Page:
In-depth comparisons showing how Sony transformed a classic for the 4K generation.
One of the best-looking games on PS4 and PS4 Pro, WipEout Omega Collection revives a much-loved series for a new generation. Combining WipEout HD, Fury and 2048 in one package, developer Studio Liverpool's memory lives on in this excellent remaster. And thanks to the talent at Clever Beans, EPOS Game Studios, and Sony XDev Europe, we have a release that not only pays homage to a genuine classic, but also stands tall as a fully viable, modern PlayStation 4 release with some impeccable technical credentials.
It's also a fine example of scalability between PlayStation 4 and its super-charged Pro stablemate. Similar to Horizon Zero Dawn, the main difference really is in resolution, and visuals are otherwise the same for both. A regular PS4 renders at a native 1080p with 4x8 EQAA (Enhanced Quality Anti-Aliasing) - a proprietary AMD technology that has been deployed in both PS4 and Xbox One titles, including Forza Motorsport 6. PS4 Pro offers the same solution, albeit at checkerboard 2160p with motion blur enabled, or native 4K with the effect turned off. Despite older marketing suggesting that WipEout Omega Collection renders with a dynamic resolution, we can now confirm that it's native 1080p on base, 4K on Pro. Put simply, the final code doesn't need to adjust pixel-counts on the fly.
On top of that, not only is the framebuffer locked, the performance level is too. Even on demanding circuits with lots of weapons, neither console buckles from 60fps, even at the congested starting grid. It's a rock-solid line on either PS4 machine, with v-sync always engaged. 60fps isn't to be taken for granted in WipEout, and even the PS3 version struggled to hold that number at times. A weapons-fuelled slice of WipEout HD Fury action could see PlayStation 3 drop sporadically to 45fps. That's all completely ironed out on PS4 and PS4 Pro, and we're also happy to report that two-player split-screen also holds native 4K at the same rock-solid frame-rate - no mean feat bearing in mind that the console is processing two sets of geometry, one for each viewpoint.
From the archive: The history. The legacy. The end.
Every Sunday, we bring you an article from our archive - and this week, to celebrate the original PlayStation's 20th birthday, we present the story of the studio behind one of the console's most iconic games.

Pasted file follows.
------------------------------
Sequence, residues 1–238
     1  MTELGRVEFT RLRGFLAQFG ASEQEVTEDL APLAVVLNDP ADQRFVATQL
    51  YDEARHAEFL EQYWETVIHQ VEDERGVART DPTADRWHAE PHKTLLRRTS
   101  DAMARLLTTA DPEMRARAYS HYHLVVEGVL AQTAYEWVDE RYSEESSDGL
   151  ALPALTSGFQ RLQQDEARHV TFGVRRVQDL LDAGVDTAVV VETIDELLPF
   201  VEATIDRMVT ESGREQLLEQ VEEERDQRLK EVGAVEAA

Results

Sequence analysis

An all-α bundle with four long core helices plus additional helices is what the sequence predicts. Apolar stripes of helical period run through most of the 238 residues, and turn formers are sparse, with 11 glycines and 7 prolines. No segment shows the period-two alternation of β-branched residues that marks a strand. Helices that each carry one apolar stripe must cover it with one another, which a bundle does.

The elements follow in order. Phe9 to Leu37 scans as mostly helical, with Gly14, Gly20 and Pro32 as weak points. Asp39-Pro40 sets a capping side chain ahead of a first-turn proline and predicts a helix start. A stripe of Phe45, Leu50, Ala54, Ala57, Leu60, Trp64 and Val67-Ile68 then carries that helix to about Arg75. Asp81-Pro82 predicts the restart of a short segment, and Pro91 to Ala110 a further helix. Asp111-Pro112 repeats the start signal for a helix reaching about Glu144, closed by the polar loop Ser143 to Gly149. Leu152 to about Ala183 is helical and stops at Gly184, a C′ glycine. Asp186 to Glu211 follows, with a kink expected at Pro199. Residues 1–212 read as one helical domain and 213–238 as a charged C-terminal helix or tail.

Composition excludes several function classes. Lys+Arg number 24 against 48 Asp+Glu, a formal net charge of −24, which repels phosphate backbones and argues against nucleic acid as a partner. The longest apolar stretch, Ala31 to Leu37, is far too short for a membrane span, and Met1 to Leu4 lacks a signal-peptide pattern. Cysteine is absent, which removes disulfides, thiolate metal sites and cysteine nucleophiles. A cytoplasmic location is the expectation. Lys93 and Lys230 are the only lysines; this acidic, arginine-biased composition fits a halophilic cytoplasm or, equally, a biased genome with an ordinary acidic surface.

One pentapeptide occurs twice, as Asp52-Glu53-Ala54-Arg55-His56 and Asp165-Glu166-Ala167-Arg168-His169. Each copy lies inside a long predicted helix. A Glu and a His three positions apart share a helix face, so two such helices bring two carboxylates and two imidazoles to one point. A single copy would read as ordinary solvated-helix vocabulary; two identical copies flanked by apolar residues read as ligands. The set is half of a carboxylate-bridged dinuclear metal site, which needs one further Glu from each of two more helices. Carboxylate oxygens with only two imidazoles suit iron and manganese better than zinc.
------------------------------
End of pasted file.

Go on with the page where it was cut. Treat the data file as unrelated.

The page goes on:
Plus! Will 2048's tracks make their way to the PS3?
Successfully embracing connectivity and community is the biggest challenge facing developers as they head into the next generation, according to Studio Liverpool, the outfit behind Sony's long-running WipEout series - and in 5-10 years the isolated single-player experience could well be in decline.
WipEout HD and WipEout HD Fury content launches for WipEout 2048 tomorrow, 20th June, Sony has announced.
Those who already own the packs for PlayStation3 will be able to download PS Vita versions free as part of Sony's Cross-Buy feature. Players who buy the content for PS Vita will also be entitled to play on PS3 for free.
You can download WipEout HD to your PS Vita in the form of WipEout 2048 - WipEout HD Game Pack for £6.49. This includes 12 new tracks (including eight reverse tracks) and 12 new ships.
Studio Liverpool on the making of Vita's finest racing game.
PlayStation Vita delivers what many thought impossible: a current-generation HD console experience in the palm of your hand. It's an exciting achievement, made possible by the most advanced gaming architecture of any mobile device on the market today combined with what many believe to be the most varied, high-quality launch line-up we've seen for any console launch.
I've found a new way to terrify myself. It's not by counting the grey hairs in my beard, nor is it by examining my receding hairline, checking my bank balance or reading up on whatever tropical disease is in vogue. It's by surrendering myself to WipEout 2048, and more specifically, to Zone mode on the track Sol.
It's the drop halfway around this sky-bound track that does the trick; a blind crest that gives way to nothing, the track pulled from beneath you and leaving you suspended for a handful of panicked seconds. It's made more urgent by Zone's airbrushed psychedelics, and more urgent still by the steadily escalating speed of the ship at your fingertips.
This is WipEout at its best, and it's preserved, in part, for the series' Vita debut. WipEout's been much more than a futuristic racing series since its inception - it's been one that's screamed that the future is, in fact, now. It started with the PlayStation debut, a game that did more than just usher in the 3D age - it lent gaming an edgy credibility that helped pave the path to success for Sony's then fledgling interactive empire.
Sony has revealed more information on PlayStation Vita's online modes Near, Party, LiveArea and Activity.
Near is like the Nintendo 3DS' SpotPass. It's "a location-based gifting system", according to Sony Europe manager of R&D, Phil Rogers.
"What Near does is it allows users to discover each other, leave gifts for each other and essentially find out more about games. You can see where people are in relation to your location, their five most recently played games and also gifts that they've registered. This is fairly cool because it exposes users to games they might not have heard of and you can see how popular those games are and how people are rating them," explained Rogers at the Develop Conference 2011.
If there is one game that has defined the PlayStation brand throughout the ages it's wipEout. Psygnosis's 1995 original arrived alongside Sony's very first console, bringing with it a promise of the future - a vision that was as chic and urban as the twenty-somethings the game's marketing sought to seduce.